Career Transitions

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Advice from a Recruiter: Job-Finding Strategies You Need to Know

The inside scoop from a recruiting manager who's hiring.

I recently had the pleasure of sitting on a panel for the Austin, TX chapter of the American Marketing Association.  We were addressing the current job market to an audience of individuals seeking jobs in the marketing field. One of the panelists was T.J. Jaeckle, a Recruiting Manager for Solarwinds, a company which makes storage, application, server, and network management software. He has over 15 years experience as an information technology recruiter and has helped corporations nationwide find the best candidates for their organizations.

His comments on the current job market and strategies for employment were so on-target, I thought I would share them with you. I have compiled his responses to various audience questions into a list of 10 key observations about the job search. (Please note: These are not necessarily verbatim quotes from Mr. Jaeckle, but rather a paraphrasing from my notes. I have added some comments and links.)

1. From a recruiter's perspective, the big generic job boards are dead. General job boards don't provide the targeted responses that recruiters are seeking these days.  

2. LinkedIn rules for job searches. And employers are not just looking at your basic profile. They are searching for keywords related to their job descriptions-- and your group memberships. Yes, they are interested in the groups you have joined as a sign of your commitment to that career field. Employers often contact individuals whose profiles match their needs, rather than waiting for a candidate to apply. They are also posting their job openings on LinkedIn. For more info, here's a posting on LinkedIn and the job search

3. Resumes are generally becoming less valuable, at least as the first point of contact with an employer. They will always be needed in some capacity, but it's arguably more important to have a strong social media platform.

4. Contrary to common advice, jobseekers should not avoid the Human Resource office and contact the hiring manager directly. Many hiring managers don't want to be bothered by candidates-- they want HR to handle the initial screens. Jaeckle admits this is a judgment call; some hiring managers are open to conversations with candidates. Since there's no way to know, never leave HR out of the loop.

5. Twitter is the up and coming device for jobs. Recruiters often send a tweet about their latest openings the minute they are posted-- long before a search engine finds them. If you see a job on Twitter, pounce on it fast. Use Tweetdeck to manage your twitter feeds. (Here's my blog post on using Twitter in your job search.)

6. Be wary of interviewers who tell you to relax. Hiring managers love to "relax" interviewees so they get comfortable and say things they wouldn't normally say. Never "relax" in an interview.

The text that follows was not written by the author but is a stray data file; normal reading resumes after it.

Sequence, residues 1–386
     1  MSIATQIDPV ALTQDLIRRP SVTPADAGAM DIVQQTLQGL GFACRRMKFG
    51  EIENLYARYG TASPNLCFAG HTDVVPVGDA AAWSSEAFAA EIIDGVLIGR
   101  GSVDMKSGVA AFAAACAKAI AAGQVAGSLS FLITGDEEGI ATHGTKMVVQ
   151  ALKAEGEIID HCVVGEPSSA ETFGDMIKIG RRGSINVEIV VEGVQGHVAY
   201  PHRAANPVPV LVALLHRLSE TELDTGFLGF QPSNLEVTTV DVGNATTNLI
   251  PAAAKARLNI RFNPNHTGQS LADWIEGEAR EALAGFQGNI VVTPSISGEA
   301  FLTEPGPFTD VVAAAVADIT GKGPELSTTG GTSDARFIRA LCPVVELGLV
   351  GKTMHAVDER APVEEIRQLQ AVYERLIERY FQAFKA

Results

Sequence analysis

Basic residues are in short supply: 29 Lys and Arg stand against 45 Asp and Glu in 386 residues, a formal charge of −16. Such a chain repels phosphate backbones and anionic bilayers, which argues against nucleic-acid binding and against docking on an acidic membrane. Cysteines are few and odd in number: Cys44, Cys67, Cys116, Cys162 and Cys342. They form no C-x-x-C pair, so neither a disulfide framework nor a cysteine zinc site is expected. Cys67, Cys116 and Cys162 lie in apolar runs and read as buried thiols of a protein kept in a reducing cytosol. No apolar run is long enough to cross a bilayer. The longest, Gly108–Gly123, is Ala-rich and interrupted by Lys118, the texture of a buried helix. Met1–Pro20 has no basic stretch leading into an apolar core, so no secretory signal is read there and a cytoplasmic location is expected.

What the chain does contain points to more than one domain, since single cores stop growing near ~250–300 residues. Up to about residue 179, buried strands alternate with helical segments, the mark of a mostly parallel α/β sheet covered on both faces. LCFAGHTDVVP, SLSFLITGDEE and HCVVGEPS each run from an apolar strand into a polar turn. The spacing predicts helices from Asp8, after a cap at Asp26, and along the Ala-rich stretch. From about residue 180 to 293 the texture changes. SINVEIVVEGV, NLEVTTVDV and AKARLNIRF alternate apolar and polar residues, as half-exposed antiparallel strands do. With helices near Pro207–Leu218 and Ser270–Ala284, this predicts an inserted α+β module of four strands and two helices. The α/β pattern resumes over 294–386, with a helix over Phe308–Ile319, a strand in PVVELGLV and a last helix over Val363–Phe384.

7. As far as gaps on your resume due to time off, or other "red flags" on your resume, Jaeckle said, "All we're looking for is a good story." How can you explain that time period? Recruiters need a story so that when someone above them questions them, they can provide a good answer. This is generally good advice and true of any area where someone might question your ability to do the job-- can you tell a story that illustrates for the interviewer how you will overcome whatever concern an employer might have?

8. If you're trying to enter a different career field from what you were trained in, try to find a "sponsor": someone already in the field who will advocate for you. This is where your network comes in handy, so start connecting through groups on Linked In.

9. Mr. Jaeckle extolled the value of "word clouds" for identifying the keywords on a resume-- he even puts candidate resumes into word cloud software such as Wordle to see what words show up. A very powerful exercise would be for you to turn the announcement for the job you're seeking into a word cloud and compare its word cloud to the one created from your resume. Do they match? (For more info, read this post.)

10. A final tip:  to help identify companies that are likely to be hiring, enter "recruiter" as a job title into Indeed.com.  Notice what companies are seeking recruiters or other human resources personnel-- chances are those companies are gearing up for a large number of new hires. 

Thanks to the Austin AMA and Mr. Jaeckle for providing such helpful services to job seekers. 

©Katharine Brooks, 2011.  All rights reserved. Follow me on Twitter  and Facebook.

Image credit: Lifehacker

 

Katharine Brooks, Ed.D., is the Executive Director of the Office of Personal and Career Development at Wake Forest University. She is the author of You Majored in What?

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